Smart Ports: Energy, Environment, Technology & Workforce

Smart Ports: Energy, Environment, Technology & Workforce


[SILENCE] [MUSIC] The San Pedro Bay
encompasses America’s largest
port complex, accounting for about 35% of all imported
products arriving at U.S. Shores. This total market share has
declined significantly in recent
years as trade patterns have shifted two major factors and
the local Harbor are driving
goods moving operations towards smart technology solutions. The first is North American
competition which is actively
seeking and securing freight handling and logistical
services contracts for
discretionary cargo. The second is the enactment
and enforcement of air quality
and carbon footprint reduction mandates. The future of the San Pedro Bay
will be determined by these two
challenges and by the adoption of new and responsive smart
technology applications that
increase efficiency and reduce costs. [MUSIC] World Trade was forever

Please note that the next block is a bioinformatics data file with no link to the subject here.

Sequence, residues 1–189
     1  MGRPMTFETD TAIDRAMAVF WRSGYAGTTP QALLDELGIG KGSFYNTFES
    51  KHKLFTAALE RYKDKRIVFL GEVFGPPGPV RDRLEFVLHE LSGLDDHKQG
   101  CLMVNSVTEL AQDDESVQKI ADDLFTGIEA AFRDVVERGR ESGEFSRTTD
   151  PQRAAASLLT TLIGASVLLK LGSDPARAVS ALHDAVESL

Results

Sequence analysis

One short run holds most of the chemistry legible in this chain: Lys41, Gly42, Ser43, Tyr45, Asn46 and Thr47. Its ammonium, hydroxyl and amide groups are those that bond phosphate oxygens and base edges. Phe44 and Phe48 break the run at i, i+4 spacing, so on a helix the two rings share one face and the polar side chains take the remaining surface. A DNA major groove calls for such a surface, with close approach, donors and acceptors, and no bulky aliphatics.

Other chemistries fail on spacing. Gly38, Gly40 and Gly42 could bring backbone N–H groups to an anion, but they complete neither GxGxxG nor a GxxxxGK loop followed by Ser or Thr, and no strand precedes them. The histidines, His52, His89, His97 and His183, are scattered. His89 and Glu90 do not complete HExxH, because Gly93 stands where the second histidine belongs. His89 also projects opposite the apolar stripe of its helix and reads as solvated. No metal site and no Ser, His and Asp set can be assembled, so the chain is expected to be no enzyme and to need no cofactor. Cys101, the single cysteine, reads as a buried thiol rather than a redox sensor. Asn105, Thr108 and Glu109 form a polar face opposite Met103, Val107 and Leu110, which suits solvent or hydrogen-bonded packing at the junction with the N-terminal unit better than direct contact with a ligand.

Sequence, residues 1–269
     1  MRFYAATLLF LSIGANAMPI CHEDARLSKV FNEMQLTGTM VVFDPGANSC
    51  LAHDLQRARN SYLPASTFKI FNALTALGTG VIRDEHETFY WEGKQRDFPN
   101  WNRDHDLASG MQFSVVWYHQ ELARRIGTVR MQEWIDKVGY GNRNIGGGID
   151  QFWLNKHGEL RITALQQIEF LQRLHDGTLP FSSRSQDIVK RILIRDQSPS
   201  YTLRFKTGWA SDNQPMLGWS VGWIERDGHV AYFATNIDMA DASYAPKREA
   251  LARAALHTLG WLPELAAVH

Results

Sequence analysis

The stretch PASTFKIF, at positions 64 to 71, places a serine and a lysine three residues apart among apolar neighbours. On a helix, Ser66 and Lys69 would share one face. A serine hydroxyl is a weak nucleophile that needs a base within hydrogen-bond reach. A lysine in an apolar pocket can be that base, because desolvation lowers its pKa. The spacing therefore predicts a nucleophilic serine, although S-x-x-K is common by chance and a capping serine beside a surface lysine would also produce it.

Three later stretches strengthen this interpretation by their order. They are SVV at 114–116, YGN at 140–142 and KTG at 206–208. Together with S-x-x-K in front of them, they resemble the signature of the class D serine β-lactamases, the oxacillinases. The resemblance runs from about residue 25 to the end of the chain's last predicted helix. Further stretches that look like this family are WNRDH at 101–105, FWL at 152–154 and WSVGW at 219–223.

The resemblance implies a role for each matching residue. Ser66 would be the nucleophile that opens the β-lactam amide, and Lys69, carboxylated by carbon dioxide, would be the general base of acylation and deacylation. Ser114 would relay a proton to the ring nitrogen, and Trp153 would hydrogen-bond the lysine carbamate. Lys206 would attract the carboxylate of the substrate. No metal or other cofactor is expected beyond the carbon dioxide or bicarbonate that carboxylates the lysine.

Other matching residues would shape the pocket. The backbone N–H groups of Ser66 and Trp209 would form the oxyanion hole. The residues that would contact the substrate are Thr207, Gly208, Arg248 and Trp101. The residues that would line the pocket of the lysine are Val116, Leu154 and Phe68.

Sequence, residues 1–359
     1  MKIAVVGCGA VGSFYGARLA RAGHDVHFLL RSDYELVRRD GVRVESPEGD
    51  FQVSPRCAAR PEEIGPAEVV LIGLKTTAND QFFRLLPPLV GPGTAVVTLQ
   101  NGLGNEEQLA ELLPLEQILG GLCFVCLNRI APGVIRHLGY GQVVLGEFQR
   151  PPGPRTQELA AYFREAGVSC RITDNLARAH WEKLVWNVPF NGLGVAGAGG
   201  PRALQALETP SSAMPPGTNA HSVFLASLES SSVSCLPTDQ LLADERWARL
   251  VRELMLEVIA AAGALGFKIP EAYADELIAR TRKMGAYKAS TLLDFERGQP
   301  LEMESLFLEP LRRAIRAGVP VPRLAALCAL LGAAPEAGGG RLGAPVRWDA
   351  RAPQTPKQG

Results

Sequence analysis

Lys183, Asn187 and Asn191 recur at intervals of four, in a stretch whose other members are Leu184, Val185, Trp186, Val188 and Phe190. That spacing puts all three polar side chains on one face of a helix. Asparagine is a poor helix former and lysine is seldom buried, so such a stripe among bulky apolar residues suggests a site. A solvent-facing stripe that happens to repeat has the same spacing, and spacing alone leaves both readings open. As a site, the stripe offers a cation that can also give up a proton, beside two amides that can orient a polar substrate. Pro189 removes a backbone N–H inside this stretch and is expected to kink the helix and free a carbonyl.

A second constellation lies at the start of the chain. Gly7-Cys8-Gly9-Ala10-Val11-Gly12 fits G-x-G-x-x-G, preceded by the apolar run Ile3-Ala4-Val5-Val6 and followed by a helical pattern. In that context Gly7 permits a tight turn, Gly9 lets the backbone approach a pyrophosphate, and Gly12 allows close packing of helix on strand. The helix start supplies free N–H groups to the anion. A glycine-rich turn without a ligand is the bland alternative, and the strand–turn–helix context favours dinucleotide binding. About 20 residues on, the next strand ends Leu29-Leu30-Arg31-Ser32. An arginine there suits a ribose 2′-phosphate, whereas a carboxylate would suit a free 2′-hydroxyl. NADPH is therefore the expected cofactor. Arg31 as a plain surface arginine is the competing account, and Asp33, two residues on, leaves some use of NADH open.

changed with the introduction of
containerization in the 1960’s. With this relatively simple but
practical innovation, loose
cargo could be contained in a stackable rectangular box. Not only was the container
stackable, but it also could be
transported Intermodally to its final destination via any
combination of trucks,
trains, and ships. Intermodality over the past six
decades has led to massive and
continual increases in the flow, capacity and growth
of trade across the oceans
and across the continents. However continuous growth always
reaches critical peaks which
generate new problems that have to be addressed. Unless adequately resolved,
those new problems stall
additional growth and often make it difficult to maintain
the peak levels. In the case of cargo too many
containers at one time in one
place can cause congestion. Congestion jams the terminals,
the freeways and the side
streets as trucks arrived in the lineups to pick up their loads. Congestion and inefficiency
also can negatively impact the
community and can degrade the environment and the
quality of life. The solution involves becoming
smarter than the problem. It means that every sector of
the industry has to become